Questions About Compassion and Forgiveness

    1. Who is the most compassionate character in the Iliad?
    2. In the Iliad, who are more compassionate, mortals or gods?
    3. Does the Iliad suggest that compassion and forgiveness necessarily go hand-in-hand?

    Chew on This

    Compassion and forgiveness are the most important themes in the Iliad.

    Anger is the main obstacle to compassion and forgiveness in the Iliad.

  • Friendship

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    Friendship is an important motivation for many characters in the Iliad; at times, it can make them act in ways that you wouldn't expect, given their other loyalties. For example, when the Trojan Glaukos and the Achaian Diomedes discover that their ancestors were bound by ties of "guest-friendship" or xenia, they decide that they can't kill each other. Instead, they exchange armor.

    Similarly, Achilleus's extremely powerful friendship (some would say love) for Patroklos makes him forget his rage at Agamemnon and join the battle on the Achaian side. Depictions of non-romantic friendship between members of the opposite sex (Patroklos and Briseis, and arguably Hektor and Helen) round out the Iliad's nuanced portrayal of this important human emotion.

    Questions About Friendship

    1. Which type of friendship does the Iliad portray as more important: ritual friendship (like that between Glaukos and Diomedes) or informal friendship (like that between Achilleus and Patroklos)?
    2. Are there any characters in the Iliad who love each other but aren't friends (i.e., they love each other, but dislike each other)?
    3. In Book 10, we see evidence of the friendship between Athene and Odysseus that is so important in Homer's Odyssey. Does the Iliad depict any other instances of friendship between gods and mortals?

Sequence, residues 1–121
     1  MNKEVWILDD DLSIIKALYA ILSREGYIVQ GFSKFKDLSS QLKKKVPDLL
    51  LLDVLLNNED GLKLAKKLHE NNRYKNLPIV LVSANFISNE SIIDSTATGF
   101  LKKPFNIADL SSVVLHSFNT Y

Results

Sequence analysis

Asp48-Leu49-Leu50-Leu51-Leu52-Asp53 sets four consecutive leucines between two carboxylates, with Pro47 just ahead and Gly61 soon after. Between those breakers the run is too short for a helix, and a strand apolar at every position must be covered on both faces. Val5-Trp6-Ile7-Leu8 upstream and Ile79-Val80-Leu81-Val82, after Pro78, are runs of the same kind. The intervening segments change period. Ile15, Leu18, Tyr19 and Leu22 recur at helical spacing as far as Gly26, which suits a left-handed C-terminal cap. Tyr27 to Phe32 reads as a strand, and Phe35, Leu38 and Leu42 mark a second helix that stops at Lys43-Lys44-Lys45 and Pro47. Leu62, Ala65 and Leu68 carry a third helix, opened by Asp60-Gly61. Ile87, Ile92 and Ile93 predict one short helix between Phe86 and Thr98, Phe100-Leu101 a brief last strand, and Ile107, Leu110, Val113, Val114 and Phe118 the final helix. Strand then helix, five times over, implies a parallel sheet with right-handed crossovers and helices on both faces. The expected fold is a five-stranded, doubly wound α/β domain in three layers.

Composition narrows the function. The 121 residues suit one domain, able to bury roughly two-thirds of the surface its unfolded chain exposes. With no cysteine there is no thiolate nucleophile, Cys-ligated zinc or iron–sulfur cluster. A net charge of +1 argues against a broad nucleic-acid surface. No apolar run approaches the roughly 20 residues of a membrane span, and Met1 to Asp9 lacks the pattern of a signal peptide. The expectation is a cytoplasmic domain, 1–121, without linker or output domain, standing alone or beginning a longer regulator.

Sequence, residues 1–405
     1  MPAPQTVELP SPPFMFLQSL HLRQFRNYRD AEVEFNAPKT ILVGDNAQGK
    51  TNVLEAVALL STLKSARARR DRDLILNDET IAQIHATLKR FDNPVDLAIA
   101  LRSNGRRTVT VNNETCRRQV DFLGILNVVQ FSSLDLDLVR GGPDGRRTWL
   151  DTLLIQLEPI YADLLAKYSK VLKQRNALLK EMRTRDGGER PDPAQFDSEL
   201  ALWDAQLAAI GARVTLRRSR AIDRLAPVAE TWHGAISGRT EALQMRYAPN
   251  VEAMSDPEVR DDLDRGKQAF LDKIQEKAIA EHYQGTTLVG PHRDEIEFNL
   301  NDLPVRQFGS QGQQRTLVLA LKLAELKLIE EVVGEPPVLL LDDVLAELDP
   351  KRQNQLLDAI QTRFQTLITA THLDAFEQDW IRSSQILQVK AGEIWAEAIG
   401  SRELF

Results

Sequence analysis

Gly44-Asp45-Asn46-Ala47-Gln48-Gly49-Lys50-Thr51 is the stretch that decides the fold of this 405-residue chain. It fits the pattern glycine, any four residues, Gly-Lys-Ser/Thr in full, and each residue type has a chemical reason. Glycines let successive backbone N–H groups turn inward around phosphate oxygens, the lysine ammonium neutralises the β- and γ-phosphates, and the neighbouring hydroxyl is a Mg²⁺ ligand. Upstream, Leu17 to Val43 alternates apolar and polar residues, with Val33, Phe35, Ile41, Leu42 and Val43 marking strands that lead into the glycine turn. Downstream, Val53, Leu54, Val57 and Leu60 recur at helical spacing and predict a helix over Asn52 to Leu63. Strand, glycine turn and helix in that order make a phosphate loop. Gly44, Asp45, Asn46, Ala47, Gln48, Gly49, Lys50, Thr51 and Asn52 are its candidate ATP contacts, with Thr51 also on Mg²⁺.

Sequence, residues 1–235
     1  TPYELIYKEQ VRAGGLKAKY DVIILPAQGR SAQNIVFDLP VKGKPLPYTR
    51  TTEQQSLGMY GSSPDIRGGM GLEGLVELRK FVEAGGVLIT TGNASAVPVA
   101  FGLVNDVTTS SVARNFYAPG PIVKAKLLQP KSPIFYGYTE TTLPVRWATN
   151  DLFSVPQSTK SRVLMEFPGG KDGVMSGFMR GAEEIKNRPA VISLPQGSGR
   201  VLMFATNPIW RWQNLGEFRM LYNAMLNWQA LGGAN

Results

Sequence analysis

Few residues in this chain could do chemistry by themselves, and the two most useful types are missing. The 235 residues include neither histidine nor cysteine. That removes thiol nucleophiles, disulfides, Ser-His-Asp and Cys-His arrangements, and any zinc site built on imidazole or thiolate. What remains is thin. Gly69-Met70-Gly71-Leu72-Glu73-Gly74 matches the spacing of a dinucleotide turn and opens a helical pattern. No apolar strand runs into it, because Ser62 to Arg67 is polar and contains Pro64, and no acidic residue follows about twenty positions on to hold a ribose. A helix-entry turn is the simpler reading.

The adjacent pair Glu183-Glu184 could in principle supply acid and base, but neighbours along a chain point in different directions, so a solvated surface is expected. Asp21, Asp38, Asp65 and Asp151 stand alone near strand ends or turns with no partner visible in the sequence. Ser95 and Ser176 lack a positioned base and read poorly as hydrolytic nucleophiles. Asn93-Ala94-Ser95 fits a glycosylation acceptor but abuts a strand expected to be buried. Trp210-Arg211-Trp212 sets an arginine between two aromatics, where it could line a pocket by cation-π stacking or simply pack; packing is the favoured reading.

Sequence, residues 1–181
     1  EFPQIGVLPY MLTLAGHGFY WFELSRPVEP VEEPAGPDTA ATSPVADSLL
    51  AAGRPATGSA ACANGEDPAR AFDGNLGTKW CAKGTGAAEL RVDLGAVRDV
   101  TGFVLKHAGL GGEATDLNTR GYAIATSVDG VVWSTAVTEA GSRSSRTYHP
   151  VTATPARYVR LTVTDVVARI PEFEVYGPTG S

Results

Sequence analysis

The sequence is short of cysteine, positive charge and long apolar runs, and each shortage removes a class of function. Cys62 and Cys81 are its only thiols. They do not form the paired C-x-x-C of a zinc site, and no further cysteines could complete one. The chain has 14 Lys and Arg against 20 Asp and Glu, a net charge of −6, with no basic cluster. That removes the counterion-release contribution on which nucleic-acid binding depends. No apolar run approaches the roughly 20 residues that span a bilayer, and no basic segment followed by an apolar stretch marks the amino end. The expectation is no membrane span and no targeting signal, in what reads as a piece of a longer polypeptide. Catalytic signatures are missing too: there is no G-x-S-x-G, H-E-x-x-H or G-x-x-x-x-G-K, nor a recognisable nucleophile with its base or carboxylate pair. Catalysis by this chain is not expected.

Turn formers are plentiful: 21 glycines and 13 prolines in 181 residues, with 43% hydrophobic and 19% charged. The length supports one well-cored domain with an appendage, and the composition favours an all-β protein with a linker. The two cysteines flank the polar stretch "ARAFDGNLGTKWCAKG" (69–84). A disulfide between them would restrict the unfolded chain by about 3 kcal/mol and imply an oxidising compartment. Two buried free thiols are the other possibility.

Chew on This

    The Iliad portrays friendship as an especially enduring connection.

    Friendship is less important in the Iliad than anger and pride.

  • Love

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    Part of what gives the Iliad its deep humanity is its sensitive portrayal of love in a variety of forms. Some of the most touching moments in the poem come between Hektor and his wife Andromache, which reveal not only the love of the spouses for one another, but also their parental love for their child.

    Parental love is also important in motivating Priam to ask for the return of the body of Hektor at the end of the book. Sexual love is portrayed as an incredibly powerful force that takes away people's ability to think. This can be seen in Hera's seduction of Zeus.

    Perhaps surprisingly for a modern audience, this type of love is sometimes portrayed as a destructive force, as when Helen criticizes the goddess Aphrodite for making her run off with Paris, which caused so many problems.

    Questions About Love

    1. How would you characterize the role in the Iliad of Aphrodite, the goddess of love?
    2. Who is the most loving character in the Iliad?
    3. In the Iliad, which is more powerful: love or hate?

    Chew on This

    In the Iliad, love is often a cause of violence and hatred.

    In the Iliad, some kinds of love are seen as fickle, but love within families is not.

  • Hate

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    In the world of the Iliad, hate is viewed as such a powerful force that it even gets personified as a divinity. The goddess Hate (worst goddess ever) makes her appearance when Zeus sends her down to the battle at the beginning of Book 11; as soon as she appears, she makes the Achaians more eager for battle than to go home to their families.